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Article: Team learning from mistakes: The contribution of cooperative goals and problem-solving

TitleTeam learning from mistakes: The contribution of cooperative goals and problem-solving
Authors
Issue Date2004
Citation
Journal Of Management Studies, 2004, v. 41 n. 7, p. 1223-1245 How to Cite?
AbstractAlthough mistakes may have considerable potential for learning, previous research has emphasized that organizational members are often defensive when their mistakes are pointed out and will even continue with their present course of action despite growing costs. Recent research has shown that team-level variables, such as psychological safety and shared mental model, can help overcome barriers to learning from mistakes. Structural equation analyses on teams working in a sample of organizations in Shanghai, China, suggested that teams were able to learn from their mistakes to the extent that they took a problem solving orientation. This orientation in turn was based on developing cooperative but not competitive goals within the team. Although competitive and independent goals induce blaming, blaming itself was not significantly related to learning. Blaming, especially when conducted openly, may hold individual team members accountable as well as provoke defensiveness. Findings empirically link the theory of cooperation and competition with the organizational learning literature. Results suggest that cooperative goals and problem solving promote learning from mistakes.
Persistent Identifierhttp://hdl.handle.net/10722/178091
ISSN
2015 Impact Factor: 4.26
2015 SCImago Journal Rankings: 4.931
References

 

DC FieldValueLanguage
dc.contributor.authorTjosvold, Den_US
dc.contributor.authorYu, ZYen_US
dc.contributor.authorHui, Cen_US
dc.date.accessioned2012-12-19T09:41:52Z-
dc.date.available2012-12-19T09:41:52Z-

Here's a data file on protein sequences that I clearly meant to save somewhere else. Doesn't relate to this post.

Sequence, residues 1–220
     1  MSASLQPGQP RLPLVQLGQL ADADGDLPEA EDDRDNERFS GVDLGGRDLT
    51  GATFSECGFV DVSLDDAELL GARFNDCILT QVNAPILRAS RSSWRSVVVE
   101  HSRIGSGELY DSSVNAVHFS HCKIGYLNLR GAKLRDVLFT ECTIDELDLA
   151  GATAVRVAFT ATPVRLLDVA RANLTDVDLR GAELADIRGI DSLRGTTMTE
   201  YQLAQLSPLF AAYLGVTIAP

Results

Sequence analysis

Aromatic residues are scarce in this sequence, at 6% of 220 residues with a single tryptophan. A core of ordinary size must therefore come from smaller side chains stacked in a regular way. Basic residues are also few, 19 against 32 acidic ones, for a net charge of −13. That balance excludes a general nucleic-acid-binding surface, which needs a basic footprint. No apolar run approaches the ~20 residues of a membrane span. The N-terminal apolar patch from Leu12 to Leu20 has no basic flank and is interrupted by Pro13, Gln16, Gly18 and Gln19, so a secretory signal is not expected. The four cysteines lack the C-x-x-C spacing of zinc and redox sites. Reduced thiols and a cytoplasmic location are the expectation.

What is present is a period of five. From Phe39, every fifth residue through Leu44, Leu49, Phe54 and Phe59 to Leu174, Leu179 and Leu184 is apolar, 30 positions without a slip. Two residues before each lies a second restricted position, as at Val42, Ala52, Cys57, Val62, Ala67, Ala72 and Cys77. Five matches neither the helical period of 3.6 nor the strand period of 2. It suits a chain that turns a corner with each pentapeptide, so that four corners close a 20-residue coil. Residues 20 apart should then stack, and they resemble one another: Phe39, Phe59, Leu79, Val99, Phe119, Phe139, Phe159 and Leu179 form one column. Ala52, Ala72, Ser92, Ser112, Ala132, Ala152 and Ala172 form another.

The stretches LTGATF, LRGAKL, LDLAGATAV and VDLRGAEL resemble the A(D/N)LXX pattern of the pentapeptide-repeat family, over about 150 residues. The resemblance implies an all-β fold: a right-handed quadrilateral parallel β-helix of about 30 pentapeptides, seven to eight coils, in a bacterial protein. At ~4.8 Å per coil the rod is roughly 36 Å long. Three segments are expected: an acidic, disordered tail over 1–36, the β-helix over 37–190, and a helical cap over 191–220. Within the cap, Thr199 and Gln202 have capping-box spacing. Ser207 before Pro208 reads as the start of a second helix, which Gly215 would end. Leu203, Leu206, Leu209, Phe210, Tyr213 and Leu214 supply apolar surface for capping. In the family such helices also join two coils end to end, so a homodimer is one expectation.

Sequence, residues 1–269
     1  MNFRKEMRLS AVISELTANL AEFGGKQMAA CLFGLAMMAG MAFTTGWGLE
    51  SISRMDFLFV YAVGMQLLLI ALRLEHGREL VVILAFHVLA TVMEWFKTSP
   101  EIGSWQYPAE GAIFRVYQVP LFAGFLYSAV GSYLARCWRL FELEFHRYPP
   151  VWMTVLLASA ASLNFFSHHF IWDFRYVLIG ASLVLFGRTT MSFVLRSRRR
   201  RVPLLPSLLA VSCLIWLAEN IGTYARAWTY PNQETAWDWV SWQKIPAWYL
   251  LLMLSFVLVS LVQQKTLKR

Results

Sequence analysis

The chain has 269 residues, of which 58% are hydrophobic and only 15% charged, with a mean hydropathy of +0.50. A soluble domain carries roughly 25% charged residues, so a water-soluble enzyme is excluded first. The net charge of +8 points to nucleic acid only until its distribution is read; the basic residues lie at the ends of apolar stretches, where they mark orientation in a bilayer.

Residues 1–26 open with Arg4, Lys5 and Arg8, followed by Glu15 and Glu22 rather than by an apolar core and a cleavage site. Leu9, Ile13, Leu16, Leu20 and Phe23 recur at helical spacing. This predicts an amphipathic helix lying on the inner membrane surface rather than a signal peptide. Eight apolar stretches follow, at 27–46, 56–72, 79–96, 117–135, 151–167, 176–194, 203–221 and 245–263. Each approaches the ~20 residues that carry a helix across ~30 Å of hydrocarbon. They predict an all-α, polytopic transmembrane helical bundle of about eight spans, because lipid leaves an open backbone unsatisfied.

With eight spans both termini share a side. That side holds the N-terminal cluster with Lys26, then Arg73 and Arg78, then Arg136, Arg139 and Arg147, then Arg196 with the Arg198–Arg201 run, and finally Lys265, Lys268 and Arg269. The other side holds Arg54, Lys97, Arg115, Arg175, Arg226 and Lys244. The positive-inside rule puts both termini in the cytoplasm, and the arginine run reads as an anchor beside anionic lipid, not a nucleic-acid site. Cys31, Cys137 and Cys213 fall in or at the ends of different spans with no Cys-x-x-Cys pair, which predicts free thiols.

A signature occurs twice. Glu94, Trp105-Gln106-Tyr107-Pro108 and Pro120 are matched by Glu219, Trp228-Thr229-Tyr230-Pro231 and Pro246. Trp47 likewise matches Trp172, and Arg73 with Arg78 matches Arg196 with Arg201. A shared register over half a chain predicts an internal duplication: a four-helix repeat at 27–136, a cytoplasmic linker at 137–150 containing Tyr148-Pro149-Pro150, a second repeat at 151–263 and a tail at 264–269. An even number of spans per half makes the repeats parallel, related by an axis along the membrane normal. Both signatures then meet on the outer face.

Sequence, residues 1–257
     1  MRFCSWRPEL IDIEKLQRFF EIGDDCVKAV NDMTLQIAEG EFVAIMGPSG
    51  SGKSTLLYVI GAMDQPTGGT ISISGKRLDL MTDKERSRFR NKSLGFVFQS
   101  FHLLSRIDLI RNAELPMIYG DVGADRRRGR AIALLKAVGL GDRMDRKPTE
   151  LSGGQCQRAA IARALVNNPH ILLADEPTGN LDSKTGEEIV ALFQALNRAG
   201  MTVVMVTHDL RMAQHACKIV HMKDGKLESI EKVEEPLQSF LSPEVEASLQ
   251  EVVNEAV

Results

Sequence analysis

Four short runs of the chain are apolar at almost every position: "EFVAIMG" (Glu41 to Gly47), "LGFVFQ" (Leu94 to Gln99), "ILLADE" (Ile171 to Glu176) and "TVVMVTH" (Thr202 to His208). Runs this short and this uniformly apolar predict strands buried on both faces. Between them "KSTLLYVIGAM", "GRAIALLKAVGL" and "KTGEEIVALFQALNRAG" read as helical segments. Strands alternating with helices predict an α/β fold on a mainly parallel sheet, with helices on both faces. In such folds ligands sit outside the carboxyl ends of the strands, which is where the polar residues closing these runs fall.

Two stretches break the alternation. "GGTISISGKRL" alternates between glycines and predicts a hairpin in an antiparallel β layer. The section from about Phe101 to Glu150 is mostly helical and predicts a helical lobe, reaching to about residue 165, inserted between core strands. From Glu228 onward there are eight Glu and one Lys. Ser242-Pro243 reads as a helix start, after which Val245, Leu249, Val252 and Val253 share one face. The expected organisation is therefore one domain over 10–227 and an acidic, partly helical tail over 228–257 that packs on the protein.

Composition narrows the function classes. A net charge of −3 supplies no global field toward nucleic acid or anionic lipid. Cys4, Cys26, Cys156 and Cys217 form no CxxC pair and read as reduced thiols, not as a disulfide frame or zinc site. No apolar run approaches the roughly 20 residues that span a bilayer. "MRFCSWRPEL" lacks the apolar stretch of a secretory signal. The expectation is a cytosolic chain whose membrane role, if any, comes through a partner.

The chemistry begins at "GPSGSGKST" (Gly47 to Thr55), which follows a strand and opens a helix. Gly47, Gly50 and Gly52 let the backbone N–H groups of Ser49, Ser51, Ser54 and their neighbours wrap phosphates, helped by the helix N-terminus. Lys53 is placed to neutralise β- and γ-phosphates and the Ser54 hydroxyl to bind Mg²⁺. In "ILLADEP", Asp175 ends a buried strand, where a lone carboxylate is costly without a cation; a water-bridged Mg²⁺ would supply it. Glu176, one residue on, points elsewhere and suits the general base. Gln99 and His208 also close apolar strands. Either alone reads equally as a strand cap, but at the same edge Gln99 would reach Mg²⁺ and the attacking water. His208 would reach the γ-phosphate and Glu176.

dc.date.issued2004en_US
dc.identifier.citationJournal Of Management Studies, 2004, v. 41 n. 7, p. 1223-1245en_US
dc.identifier.issn0022-2380en_US
dc.identifier.urihttp://hdl.handle.net/10722/178091-
dc.description.abstractAlthough mistakes may have considerable potential for learning, previous research has emphasized that organizational members are often defensive when their mistakes are pointed out and will even continue with their present course of action despite growing costs. Recent research has shown that team-level variables, such as psychological safety and shared mental model, can help overcome barriers to learning from mistakes. Structural equation analyses on teams working in a sample of organizations in Shanghai, China, suggested that teams were able to learn from their mistakes to the extent that they took a problem solving orientation. This orientation in turn was based on developing cooperative but not competitive goals within the team. Although competitive and independent goals induce blaming, blaming itself was not significantly related to learning. Blaming, especially when conducted openly, may hold individual team members accountable as well as provoke defensiveness. Findings empirically link the theory of cooperation and competition with the organizational learning literature. Results suggest that cooperative goals and problem solving promote learning from mistakes.en_US
dc.languageengen_US
dc.relation.ispartofJournal of Management Studiesen_US
dc.titleTeam learning from mistakes: The contribution of cooperative goals and problem-solvingen_US
dc.typeArticleen_US
dc.identifier.emailHui, C: chunhui@hku.hken_US
dc.identifier.authorityHui, C=rp01069en_US
dc.description.naturelink_to_subscribed_fulltexten_US
dc.identifier.doi10.1111/j.1467-6486.2004.00473.x-
dc.identifier.scopuseid_2-s2.0-8744239063en_US
dc.relation.referenceshttp://www.scopus.com/mlt/select.url?eid=2-s2.0-8744239063&selection=ref&src=s&origin=recordpageen_US
dc.identifier.volume41en_US
dc.identifier.issue7en_US
dc.identifier.spage1223en_US
dc.identifier.epage1245en_US
dc.publisher.placeUnited Kingdomen_US
dc.identifier.scopusauthoridTjosvold, D=7003755118en_US
dc.identifier.scopusauthoridYu, ZY=8868539700en_US
dc.identifier.scopusauthoridHui, C=7202876939en_US

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